A diet combining unsaturated fats with nitrate-rich vegetables, such as olive oil and lettuce, can protect from high blood pressure, suggests a new study led by King’s College London and funded by the British Heart Foundation.
The findings, published in the journal PNAS, may help explain why previous studies have shown that a Mediterranean diet can reduce blood pressure.
The Mediterranean diet typically includes unsaturated fats found in olive oil, nuts and avocados, along with vegetables like spinach, celery and carrots that are rich in nitrite and nitrates.
When the compounds in these two food groups are combined, they can form nitro fatty acids.
The study used mice to investigate how nitro fatty acids lower blood pressure by seeing whether they inhibited an enzyme called epoxide hydrolase, which can raise blood pressure.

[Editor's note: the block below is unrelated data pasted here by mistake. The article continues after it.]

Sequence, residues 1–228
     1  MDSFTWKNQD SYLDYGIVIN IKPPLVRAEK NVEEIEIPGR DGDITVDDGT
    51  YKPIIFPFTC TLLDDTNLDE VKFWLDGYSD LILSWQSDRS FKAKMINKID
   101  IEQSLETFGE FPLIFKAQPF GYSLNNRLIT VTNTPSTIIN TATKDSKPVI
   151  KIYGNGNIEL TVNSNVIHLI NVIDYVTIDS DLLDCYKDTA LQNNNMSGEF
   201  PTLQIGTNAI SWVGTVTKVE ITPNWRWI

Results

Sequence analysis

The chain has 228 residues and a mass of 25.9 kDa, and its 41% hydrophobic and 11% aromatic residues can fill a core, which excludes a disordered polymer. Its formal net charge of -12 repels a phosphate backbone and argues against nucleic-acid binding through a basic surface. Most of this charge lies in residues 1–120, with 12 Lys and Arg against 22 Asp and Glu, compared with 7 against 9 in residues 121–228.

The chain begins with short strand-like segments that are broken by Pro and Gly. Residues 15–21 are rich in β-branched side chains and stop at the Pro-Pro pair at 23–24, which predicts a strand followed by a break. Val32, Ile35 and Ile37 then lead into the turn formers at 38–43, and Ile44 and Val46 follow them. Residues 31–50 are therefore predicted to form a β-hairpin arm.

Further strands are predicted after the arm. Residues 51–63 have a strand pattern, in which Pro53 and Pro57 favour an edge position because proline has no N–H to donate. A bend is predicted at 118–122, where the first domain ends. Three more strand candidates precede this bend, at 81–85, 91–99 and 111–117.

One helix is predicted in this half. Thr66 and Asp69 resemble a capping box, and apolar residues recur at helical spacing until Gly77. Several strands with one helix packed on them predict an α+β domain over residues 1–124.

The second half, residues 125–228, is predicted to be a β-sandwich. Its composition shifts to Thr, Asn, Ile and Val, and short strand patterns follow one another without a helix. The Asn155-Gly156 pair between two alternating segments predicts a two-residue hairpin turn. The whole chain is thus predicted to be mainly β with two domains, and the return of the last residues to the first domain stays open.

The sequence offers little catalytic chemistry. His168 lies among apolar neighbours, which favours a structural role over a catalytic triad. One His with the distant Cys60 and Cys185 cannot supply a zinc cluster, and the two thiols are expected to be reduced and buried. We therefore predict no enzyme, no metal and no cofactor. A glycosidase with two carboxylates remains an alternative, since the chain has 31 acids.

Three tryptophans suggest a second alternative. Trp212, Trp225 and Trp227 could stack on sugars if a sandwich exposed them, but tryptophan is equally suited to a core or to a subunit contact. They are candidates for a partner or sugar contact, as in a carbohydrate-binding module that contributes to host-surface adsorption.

The results suggest that the protective effect of the Mediterranean diet – combining unsaturated fats and vegetables abundant in nitrite and nitrate – comes from the nitro fatty acids generated which inhibit soluble epoxide hydrolase, known to be linked to high blood pressure.
Dr Sanjay Thakrar, Research Adviser at the British Heart Foundation, which co-funded the research, said: “This interesting study goes some way to explain why a Mediterranean diet appears to be good for your heart health. The results showed a way in which a particular compound could combat high blood pressure, which is a major risk factor for heart disease.
“However, more work is necessary as these experiments were conducted in mice and this compound could also be having its effect through other pathways.”